Anesthesia & Analgesia: July 2015 – Volume 121 – Issue 1 – p 117–123
Authors: Berroa, Felicia MD, PhD et al
BACKGROUND: The incidence of perioperative hypersensitivity reactions, which can be life-threatening, ranges from 1 in 20,000 to 1 in 1361. These reactions are usually classified as IgE or non-IgE mediated. The aim of this study was to determine the incidence of allergic reactions during general anesthesia in our hospital, to establish the incidence of the allergic reactions for each drug used, to assess the frequency of IgE-mediated reactions in even mild reactions, and to compare the degree of agreement between anesthesiologist suspicion and allergy diagnosis.
METHODS: We included patients diagnosed with a clinical hypersensitivity reaction during a procedure under general anesthesia over a 30-month period (February 2008 to August 2010). Plasma histamine and serum tryptase concentrations were determined in these patients. We performed skin tests to diagnose the causative agent. Data from the hospital electronic prescribing system were collected to determine the ratio of reactions for each drug.
RESULTS: During the study period, 16,946 anesthetic procedures were performed (53% involved males; mean age, 51.6 years). Forty-four perianesthetic reactions were recorded, and the ratio of reactions was 1 in 385 operations (95% confidence interval, 1/529–1/287). Twenty-five reactions (25/44; 57%) occurred during the induction of anesthesia. Twenty-one reactions (21/44; 48%) were mild, involving only skin, and 23 of 44 (52%) were anaphylactic reactions. Four of 10 patients who had only a rash experienced IgE-mediated reactions. Five surgeries (11%) were suspended because of the severity of the reactions. Fifteen reactions (15/30; 50%) were IgE mediated, and, in 2 of 30 (7%), a non-IgE agent was found (cold urticaria and nonsteroidal anti-inflammatory drug intolerance). The ratio of reactions for each drug was as follows: protamine, 1 in 468; cisatracurium, 1 in 1388; amoxicillin-clavulanate, 1 in 1968; atracurium, 1 in 2039; and dipyrone, 1 in 3159.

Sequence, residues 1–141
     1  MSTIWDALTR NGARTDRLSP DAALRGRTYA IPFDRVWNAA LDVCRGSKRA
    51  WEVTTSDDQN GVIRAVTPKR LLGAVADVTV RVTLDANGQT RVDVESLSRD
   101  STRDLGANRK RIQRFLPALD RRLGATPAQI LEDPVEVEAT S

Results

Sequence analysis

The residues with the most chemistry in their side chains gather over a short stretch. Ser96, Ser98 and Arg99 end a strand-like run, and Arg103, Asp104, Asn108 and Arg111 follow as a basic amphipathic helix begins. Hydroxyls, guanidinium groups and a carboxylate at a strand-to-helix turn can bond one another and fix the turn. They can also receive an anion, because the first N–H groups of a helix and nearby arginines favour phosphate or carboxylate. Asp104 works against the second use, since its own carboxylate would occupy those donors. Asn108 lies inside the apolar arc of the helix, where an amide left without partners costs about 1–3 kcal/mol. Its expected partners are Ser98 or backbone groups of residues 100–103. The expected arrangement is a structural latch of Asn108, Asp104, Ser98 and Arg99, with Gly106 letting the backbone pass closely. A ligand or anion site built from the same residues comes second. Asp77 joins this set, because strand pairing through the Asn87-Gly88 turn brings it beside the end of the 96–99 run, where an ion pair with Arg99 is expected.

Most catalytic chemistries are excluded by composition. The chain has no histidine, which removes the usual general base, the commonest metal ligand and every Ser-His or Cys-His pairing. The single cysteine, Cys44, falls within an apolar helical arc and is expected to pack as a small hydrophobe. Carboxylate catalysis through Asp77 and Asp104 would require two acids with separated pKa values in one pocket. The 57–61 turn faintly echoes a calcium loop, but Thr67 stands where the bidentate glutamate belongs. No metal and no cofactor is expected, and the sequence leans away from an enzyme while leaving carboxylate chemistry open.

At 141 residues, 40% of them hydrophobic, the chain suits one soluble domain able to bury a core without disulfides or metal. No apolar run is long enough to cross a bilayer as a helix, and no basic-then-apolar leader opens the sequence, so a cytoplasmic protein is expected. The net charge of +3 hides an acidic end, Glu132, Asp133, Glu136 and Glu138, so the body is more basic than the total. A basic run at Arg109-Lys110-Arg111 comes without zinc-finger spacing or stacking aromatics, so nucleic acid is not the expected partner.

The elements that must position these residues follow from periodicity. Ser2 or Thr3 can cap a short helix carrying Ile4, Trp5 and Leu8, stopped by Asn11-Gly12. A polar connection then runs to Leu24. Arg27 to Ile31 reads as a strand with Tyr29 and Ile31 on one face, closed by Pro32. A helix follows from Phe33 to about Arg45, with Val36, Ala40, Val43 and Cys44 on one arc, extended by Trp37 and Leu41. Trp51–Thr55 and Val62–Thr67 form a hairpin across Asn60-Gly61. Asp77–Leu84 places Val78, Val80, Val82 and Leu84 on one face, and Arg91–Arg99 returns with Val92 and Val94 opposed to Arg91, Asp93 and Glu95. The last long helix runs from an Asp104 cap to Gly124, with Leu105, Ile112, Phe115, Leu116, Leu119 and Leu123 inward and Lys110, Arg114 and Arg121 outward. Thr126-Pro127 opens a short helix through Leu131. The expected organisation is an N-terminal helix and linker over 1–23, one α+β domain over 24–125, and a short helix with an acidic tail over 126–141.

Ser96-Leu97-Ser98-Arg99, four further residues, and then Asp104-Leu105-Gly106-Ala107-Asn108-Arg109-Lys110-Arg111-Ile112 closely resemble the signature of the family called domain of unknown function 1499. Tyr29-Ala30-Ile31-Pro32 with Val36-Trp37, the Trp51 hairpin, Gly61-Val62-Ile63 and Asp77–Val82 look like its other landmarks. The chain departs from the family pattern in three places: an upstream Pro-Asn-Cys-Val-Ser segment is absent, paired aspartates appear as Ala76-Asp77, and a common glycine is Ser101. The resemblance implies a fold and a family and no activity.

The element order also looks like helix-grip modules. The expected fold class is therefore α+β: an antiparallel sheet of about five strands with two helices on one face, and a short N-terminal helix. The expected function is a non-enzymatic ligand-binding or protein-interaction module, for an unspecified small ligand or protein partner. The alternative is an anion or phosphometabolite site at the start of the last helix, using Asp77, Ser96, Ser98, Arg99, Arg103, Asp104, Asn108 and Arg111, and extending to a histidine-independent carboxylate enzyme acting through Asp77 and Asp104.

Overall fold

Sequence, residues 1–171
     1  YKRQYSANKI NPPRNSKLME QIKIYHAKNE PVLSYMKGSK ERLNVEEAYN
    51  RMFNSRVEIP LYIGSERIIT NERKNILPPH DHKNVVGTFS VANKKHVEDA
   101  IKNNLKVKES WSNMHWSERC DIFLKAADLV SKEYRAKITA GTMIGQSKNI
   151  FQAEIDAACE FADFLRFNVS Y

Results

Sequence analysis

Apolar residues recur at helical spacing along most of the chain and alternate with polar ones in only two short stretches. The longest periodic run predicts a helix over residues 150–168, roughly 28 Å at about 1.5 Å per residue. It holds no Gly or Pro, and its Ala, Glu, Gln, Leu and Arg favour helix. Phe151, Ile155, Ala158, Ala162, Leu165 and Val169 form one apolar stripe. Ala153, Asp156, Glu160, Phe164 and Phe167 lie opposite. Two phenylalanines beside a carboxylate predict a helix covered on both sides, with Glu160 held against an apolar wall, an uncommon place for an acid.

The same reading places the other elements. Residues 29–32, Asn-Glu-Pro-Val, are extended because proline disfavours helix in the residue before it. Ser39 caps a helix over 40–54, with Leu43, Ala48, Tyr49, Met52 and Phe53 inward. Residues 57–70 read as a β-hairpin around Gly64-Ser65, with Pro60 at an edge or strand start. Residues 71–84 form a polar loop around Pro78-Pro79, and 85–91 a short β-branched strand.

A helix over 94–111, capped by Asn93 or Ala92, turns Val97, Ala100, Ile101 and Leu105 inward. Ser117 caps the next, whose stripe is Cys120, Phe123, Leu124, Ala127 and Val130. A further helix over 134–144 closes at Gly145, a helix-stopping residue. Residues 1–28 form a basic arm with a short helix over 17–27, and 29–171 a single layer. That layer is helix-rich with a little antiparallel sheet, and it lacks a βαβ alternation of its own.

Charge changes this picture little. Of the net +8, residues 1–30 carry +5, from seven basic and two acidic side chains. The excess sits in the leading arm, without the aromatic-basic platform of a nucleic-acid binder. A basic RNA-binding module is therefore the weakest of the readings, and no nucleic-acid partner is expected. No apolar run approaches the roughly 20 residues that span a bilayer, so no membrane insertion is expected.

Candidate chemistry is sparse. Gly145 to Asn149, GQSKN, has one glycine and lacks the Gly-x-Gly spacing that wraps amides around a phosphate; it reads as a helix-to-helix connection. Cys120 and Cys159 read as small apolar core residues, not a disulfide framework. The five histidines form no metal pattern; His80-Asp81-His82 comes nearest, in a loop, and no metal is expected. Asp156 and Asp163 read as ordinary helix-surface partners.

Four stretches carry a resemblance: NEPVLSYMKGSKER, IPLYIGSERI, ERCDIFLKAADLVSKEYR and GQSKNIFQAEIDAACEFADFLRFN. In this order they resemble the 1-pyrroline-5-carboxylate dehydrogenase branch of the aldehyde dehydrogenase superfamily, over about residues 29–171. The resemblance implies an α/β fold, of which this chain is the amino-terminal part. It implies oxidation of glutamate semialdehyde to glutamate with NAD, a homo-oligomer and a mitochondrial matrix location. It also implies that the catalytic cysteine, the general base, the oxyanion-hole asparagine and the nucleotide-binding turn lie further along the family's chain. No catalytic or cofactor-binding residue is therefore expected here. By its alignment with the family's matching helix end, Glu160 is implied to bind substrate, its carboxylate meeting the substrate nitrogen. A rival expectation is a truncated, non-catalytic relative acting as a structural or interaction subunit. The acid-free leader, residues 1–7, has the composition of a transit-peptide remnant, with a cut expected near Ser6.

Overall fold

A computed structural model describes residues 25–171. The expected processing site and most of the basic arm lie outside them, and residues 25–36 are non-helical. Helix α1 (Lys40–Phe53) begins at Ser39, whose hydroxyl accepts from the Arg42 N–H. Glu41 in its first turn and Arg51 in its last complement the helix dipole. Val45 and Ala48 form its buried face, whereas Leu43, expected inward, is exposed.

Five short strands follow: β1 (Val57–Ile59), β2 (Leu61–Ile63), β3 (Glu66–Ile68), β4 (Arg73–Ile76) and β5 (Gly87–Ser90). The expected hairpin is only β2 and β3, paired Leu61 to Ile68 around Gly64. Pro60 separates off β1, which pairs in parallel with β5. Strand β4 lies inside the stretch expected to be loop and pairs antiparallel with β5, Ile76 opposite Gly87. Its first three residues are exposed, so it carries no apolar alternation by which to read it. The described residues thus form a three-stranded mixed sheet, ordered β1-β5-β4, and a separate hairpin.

CONCLUSIONS: Perioperative reactions are more common than previously reported. Mild hypersensitivity perioperative reactions—involving only skin—should be considered in evaluating patients because a substantial number of these reactions are IgE mediated.